The school has designed an ambitious curriculum that meets the needs of all pupils well, including those with SEND. Leaders have identified the key knowledge and vocabulary that they want pupils to learn from the early years to Year 6.

Leaders have carefully ordered the content for individual subjects. Pupils use their existing knowledge well when they are learning something new.

Leaders check what pupils know and remember in phonics and mathematics.

They use this information well to plan pupils' next steps. However, the checks that the school makes on pupils' learning in some other subjects are not as effective. The school does not know how well pupils are achieving in these subjects.

Leaders are currently developing more efficient ways of checking what pupils have learned.

The school's programme for phonics is effective. As pupils learn more sounds, they read with increasing confidence.

Pupils have daily phonics lessons and read books that closely match their stage of reading. Teachers regularly identify the next steps that are needed to ensure that their pupils develop the reading skills they need. Pupils who need extra support have additional daily sessions to practise their phonics skills.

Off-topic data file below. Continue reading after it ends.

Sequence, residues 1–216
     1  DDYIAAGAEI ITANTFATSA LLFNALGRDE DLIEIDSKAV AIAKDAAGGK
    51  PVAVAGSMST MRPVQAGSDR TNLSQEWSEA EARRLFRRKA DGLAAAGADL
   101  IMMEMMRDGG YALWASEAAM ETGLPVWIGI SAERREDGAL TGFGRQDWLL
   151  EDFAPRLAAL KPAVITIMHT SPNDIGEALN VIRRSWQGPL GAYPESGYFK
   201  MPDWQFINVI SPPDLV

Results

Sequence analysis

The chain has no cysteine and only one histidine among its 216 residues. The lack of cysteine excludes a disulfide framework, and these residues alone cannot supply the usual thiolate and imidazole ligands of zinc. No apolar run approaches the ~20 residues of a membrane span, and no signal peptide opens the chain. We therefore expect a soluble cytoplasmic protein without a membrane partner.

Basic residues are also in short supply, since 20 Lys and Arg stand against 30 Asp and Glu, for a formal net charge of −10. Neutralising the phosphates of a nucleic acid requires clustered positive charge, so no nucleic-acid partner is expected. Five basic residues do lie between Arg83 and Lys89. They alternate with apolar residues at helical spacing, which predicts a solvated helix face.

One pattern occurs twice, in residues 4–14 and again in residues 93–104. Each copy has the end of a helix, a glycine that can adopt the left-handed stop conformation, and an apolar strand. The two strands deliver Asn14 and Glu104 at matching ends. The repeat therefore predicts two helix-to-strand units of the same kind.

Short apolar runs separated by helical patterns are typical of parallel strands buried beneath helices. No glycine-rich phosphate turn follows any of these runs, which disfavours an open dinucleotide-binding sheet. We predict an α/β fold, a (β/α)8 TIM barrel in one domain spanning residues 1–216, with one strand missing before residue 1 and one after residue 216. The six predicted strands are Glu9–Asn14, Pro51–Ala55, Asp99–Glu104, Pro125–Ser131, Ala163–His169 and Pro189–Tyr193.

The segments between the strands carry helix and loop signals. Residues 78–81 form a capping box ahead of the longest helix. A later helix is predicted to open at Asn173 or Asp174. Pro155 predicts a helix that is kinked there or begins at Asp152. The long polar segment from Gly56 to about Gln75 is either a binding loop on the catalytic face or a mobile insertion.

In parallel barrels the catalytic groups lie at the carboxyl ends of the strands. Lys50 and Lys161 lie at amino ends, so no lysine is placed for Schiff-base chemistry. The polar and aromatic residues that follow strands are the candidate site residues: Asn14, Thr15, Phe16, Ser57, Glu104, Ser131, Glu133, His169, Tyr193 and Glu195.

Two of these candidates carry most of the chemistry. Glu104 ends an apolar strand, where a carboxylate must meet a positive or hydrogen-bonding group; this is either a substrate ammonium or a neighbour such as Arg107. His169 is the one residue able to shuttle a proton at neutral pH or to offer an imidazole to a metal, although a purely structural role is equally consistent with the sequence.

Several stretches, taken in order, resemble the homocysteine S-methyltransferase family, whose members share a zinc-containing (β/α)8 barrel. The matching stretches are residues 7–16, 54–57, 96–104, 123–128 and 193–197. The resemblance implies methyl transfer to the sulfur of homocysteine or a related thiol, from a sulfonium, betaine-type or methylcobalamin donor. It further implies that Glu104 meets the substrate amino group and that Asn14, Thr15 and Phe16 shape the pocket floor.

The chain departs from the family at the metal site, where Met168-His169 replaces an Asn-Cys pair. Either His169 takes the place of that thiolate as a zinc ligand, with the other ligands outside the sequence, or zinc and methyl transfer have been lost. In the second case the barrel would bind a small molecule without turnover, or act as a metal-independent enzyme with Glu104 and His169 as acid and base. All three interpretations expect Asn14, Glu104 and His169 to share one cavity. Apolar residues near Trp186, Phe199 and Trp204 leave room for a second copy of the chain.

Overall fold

However, some older pupils who no longer access the phonic programme have gaps in their existing reading knowledge. These pupils do not receive the support they need to catch up quickly. This small group of older pupils do not become confident readers as quickly as they should.

Pupils with SEND receive effective support. There are clear systems in place to identify pupils who need extra help. Staff regularly check that the provision made for these pupils meets their needs and links well to targets in their individual support plans.

Parents and carers are kept well informed and appreciate the support that they receive.

Children in the early years settle well. There is a well-organised and stimulating learning environment.

Children follow the routines consistently. Staff interact regularly with children to develop their language, communication and early mathematical skills. Children learn sensibly both when working independently and with an adult.

They remain focused and show sustained concentration. Children talk to adults confidently about their learning. Adults use these opportunities to develop children's speech and vocabulary.

Children are well cared for, and relationships between staff and children are warm.

The school has high expectations of pupils' behaviour. Pupils know that the rewards they receive help them to behave well.

This can be seen in the positive behaviour around school. In lessons, pupils listen attentively and work cooperatively with one another. At social times, pupils enjoy the range of activities on offer to them in the playground.